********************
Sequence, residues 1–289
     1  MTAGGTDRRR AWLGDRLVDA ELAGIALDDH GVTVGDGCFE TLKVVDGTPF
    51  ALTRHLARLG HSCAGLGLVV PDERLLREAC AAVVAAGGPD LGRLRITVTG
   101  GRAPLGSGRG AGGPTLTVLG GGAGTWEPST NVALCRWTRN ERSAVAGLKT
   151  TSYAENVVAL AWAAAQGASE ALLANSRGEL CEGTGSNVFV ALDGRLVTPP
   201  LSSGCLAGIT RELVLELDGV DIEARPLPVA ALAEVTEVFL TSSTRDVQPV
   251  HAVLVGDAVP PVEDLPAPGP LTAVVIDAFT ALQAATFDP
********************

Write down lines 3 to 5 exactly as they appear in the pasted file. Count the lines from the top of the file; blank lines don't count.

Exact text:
    51  ALTRHLARLG HSCAGLGLVV PDERLLREAC AAVVAAGGPD LGRLRITVTG
   101  GRAPLGSGRG AGGPTLTVLG GGAGTWEPST NVALCRWTRN ERSAVAGLKT
   151  TSYAENVVAL AWAAAQGASE ALLANSRGEL CEGTGSNVFV ALDGRLVTPP